The Molding of the Moral Man: The United States Civil Religion's Form and Use in Public Education

Persistent Link:
http://hdl.handle.net/10150/146032
Title:
The Molding of the Moral Man: The United States Civil Religion's Form and Use in Public Education
Author:
Gannon, Molly Elizabeth
Issue Date:
May-2010
Publisher:
The University of Arizona.
Rights:
Copyright © is held by the author. Digital access to this material is made possible by the University Libraries, University of Arizona. Further transmission, reproduction or presentation (such as public display or performance) of protected items is prohibited except with permission of the author.
Abstract:
This intention of this paper is to examine the impact of national perceptions of morality on the curriculum and function of the United States public school system. It begins by studying the original purpose of the public school, which was to maintain a functional republic by educating citizens in a basic form of moral and academic knowledge. This attempt needed to be balanced with the republican ideal of free speech, which prevented the state from adopting the moral views of a particular religion. The melding of free speech and universal education resulted in a general civil religion which encapsulated what the state believed to be the necessary moral ideals required for a functioning republic. The paper goes on to examine how changing cultural perceptions have resulted in a shift in the civil religion towards a more general form of morality. This shift, coupled with increased diversity of moral opinion within the United States, has resulted in public education becoming a less universal mode of distributing republican ideals than its founders had originally intended.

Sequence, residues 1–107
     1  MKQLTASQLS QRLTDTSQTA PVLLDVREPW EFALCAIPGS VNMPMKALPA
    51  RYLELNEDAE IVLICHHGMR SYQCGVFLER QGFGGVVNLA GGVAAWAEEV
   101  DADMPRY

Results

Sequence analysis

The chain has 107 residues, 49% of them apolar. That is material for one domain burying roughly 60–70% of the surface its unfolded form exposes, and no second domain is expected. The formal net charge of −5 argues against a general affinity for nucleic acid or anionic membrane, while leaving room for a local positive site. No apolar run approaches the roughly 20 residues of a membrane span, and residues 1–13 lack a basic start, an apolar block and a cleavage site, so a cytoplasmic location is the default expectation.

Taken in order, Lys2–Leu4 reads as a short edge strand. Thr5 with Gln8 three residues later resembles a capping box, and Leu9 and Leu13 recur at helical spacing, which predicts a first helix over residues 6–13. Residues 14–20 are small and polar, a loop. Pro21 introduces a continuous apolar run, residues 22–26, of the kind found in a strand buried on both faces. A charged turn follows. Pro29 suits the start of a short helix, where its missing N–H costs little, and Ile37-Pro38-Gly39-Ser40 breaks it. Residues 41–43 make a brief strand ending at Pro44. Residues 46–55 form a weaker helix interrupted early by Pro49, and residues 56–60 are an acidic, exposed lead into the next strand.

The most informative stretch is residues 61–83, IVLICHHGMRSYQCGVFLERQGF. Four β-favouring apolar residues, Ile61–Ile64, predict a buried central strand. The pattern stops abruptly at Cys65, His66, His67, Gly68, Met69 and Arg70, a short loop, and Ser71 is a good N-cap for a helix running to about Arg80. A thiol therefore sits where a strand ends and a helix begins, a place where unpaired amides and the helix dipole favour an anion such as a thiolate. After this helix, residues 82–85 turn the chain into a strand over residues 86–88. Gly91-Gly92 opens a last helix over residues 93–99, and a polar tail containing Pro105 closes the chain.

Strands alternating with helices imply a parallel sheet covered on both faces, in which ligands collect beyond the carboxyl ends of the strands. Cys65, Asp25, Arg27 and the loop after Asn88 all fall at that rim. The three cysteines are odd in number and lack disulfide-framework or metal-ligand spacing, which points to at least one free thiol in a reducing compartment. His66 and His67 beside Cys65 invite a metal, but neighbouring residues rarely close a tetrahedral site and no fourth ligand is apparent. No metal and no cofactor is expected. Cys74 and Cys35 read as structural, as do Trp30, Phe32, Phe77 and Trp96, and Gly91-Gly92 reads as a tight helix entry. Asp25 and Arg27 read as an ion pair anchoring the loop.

Type:
text; Electronic Thesis
Degree Name:
B.A.
Degree Level:
bachelors
Degree Program:
Honors College; Religious Studies
Degree Grantor:
University of Arizona

Full metadata record

DC FieldValue Language
dc.language.isoenen_US
dc.titleThe Molding of the Moral Man: The United States Civil Religion's Form and Use in Public Educationen_US
dc.creatorGannon, Molly Elizabethen_US
dc.contributor.authorGannon, Molly Elizabethen_US
dc.date.issued2010-05-
dc.publisherThe University of Arizona.en_US
dc.rightsCopyright © is held by the author. Digital access to this material is made possible by the University Libraries, University of Arizona. Further transmission, reproduction or presentation (such as public display or performance) of protected items is prohibited except with permission of the author.en_US
dc.description.abstractThis intention of this paper is to examine the impact of national perceptions of morality on the curriculum and function of the United States public school system. It begins by studying the original purpose of the public school, which was to maintain a functional republic by educating citizens in a basic form of moral and academic knowledge. This attempt needed to be balanced with the republican ideal of free speech, which prevented the state from adopting the moral views of a particular religion. The melding of free speech and universal education resulted in a general civil religion which encapsulated what the state believed to be the necessary moral ideals required for a functioning republic. The paper goes on to examine how changing cultural perceptions have resulted in a shift in the civil religion towards a more general form of morality. This shift, coupled with increased diversity of moral opinion within the United States, has resulted in public education becoming a less universal mode of distributing republican ideals than its founders had originally intended.en_US
dc.typetexten_US
dc.typeElectronic Thesisen_US
thesis.degree.nameB.A.en_US
thesis.degree.levelbachelorsen_US
thesis.degree.disciplineHonors Collegeen_US
thesis.degree.disciplineReligious Studiesen_US
thesis.degree.grantorUniversity of Arizonaen_US
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